Posted: Feb. 9, 2016


By Celia Cohen
Grapevine Political Writer

There are two basics every governor of Delaware had better attend to -- or else go down in infamy. Balance the budget. Not mess up the Court of Chancery.

The budget is an annual challenge that goes with the office, but nobody else had to grapple with Chancery the way Jack Markell, the Democratic governor now in his eighth and final year, did.

Mess up Chancery, and there goes the state's corner on corporate law and all of the prestige and revenue that go with it. Lawyers would be circling.

Markell is the only governor to have to people the entire court, by coming up with someone new for chancellor and all four vice chancellors, since Chancery was expanded to five members in 1989.

He finished the sweep on Monday when he announced his choice of Joe Slights, an ex-judge who went back to private practice in 2012 after 12 years on the Superior Court, as the replacement for John Noble, a vice chancellor retiring at the end of the month.

The timing of it left a suspicious whiff in the air that Markell wanted to be quick to the draw.

Not only is Noble still sitting, but the state Senate is out until the General Assembly returns in March from a break, so Slights' nomination cannot even be considered for confirmation before then.

Still, if Markell had not moved so swiftly, things might have gotten awkward, and maybe it would not have messed up Chancery, but why find out? That would not exactly have been governorly.

What was taking on a life of its own out there was the matter of Slights' county of origin.

The situation was this. In the 27 years since Chancery got its fifth judge, there has been a custom of geographical balance with three seats for New Castle County, one seat for Kent County and one seat for Sussex County.

Noble was giving up the Kent County seat. Kent County wanted to keep it, but the only candidates forwarded to Markell by his Judicial Nominating Commission were Joel Friedlander and Slights.

Friedlander, a prominent corporate law practitioner, was definitely from New Castle County. Slights came from generations of Kent Countians and grew up in Kent County but located to New Castle County for his law practice and judgeship, so was he Kent County enough or not?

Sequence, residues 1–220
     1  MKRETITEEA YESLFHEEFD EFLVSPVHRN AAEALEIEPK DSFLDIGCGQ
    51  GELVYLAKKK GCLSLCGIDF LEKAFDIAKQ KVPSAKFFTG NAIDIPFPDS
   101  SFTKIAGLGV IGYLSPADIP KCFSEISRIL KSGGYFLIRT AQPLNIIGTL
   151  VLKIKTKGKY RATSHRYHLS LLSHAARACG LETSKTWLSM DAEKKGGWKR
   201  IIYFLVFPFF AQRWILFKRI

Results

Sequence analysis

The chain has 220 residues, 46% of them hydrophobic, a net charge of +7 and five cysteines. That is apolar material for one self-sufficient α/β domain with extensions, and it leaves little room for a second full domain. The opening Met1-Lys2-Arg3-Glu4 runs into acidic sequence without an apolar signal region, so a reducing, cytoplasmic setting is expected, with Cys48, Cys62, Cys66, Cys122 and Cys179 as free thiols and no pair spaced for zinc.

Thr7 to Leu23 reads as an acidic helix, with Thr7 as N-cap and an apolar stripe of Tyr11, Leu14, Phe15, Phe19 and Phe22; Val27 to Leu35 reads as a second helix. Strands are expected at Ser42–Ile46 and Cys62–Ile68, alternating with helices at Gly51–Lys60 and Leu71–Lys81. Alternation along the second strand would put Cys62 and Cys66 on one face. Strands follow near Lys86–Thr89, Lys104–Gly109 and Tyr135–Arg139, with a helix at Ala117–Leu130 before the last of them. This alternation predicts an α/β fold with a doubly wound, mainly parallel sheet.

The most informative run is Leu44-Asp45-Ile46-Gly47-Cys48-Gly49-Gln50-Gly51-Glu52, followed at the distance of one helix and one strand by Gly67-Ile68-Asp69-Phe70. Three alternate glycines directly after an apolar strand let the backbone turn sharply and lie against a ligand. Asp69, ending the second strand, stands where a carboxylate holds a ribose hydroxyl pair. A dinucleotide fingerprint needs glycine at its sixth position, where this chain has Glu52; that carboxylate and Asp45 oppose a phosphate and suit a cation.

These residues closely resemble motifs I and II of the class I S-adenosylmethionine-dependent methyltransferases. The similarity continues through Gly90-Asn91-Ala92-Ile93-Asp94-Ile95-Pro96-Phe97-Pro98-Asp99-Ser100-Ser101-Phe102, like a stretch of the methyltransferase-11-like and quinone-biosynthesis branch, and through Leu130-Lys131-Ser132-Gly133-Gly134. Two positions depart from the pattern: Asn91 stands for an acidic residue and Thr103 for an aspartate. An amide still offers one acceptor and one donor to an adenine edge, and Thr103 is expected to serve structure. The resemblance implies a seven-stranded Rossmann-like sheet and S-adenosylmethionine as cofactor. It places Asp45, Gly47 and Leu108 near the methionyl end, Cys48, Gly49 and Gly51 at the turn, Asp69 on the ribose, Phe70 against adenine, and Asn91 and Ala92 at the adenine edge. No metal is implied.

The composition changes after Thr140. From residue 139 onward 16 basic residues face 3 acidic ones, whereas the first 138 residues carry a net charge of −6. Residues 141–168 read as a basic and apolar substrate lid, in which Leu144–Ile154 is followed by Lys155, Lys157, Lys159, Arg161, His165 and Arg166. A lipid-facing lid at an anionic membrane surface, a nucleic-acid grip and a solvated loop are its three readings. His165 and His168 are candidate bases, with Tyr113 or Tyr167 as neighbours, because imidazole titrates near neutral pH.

While Markell pondered his selection, Kent County was making noises. Like it might be on the receiving end of slights.

John Sigler, a lawyer who used to be the Republican state chair, wrote to Reneta Green-Streett, the president of the Kent County Bar Association, to note that neither of the candidates were "lawyers practicing in Kent County, residing in Kent County or members of the Kent County Bar" and to wonder about taking a stand.

"I bring this matter to your attention for the purpose of posing a question for you. 'Does the Kent County Bar Association intend to take a position on this issue?'" Sigler wrote.

"Will the Kent County Bar Association protect and defend the history and tradition of the bar and our judiciary by 'insisting' that the governor either ask for a third name to be sent to him from Kent County or that the posting be re-opened for other Kent County lawyers and judges to apply?"

This was last Thursday. Green-Streett asked for feedback from other Kent County lawyers and decided to form a committee to consider Kent County's options. The committee was set to meet Monday, but just before it did, Markell announced he wanted Slights, and that was that.

As Green-Streett told the Kent County Bar Association on Tuesday by e-mail, "It was announced yesterday that Judge Slights had been chosen for the seat. The committee meeting was canceled. As there was no consensus from our membership, and a selection had already been made, no position or action was taken by the KCBA [Kent County Bar Association.]"

As much as Markell's announcement looked like a masterpiece of good timing, he disavowed it.

"There's chatter about everything I do. We had two extraordinarily qualified candidates. I interviewed both of them last week. My experience is if I don't have to leave people hanging, I'd rather not," Markell said Tuesday in a short interview.

Kent County could still think about stirring up stuff in the state Senate, where a confirmation hearing for Slights is scheduled for March 16, but the odds are not good anything could come of it, especially not for someone who once was confirmed by 21-0 for a previous judgeship.

"I suppose it might be he won't be unanimous, but he'll be confirmed. I think he'll be a wonderful vice chancellor. He certainly has the background and experience," said Patti Blevins, the Democratic president pro tem.

Slights has wanted to get on Chancery for a long time. He came off the Superior Court, which has a far-ranging docket of criminal and civil cases, to recommit himself to a corporate law practice.

Who knew what Slights really needed to do was join the Kent County bar?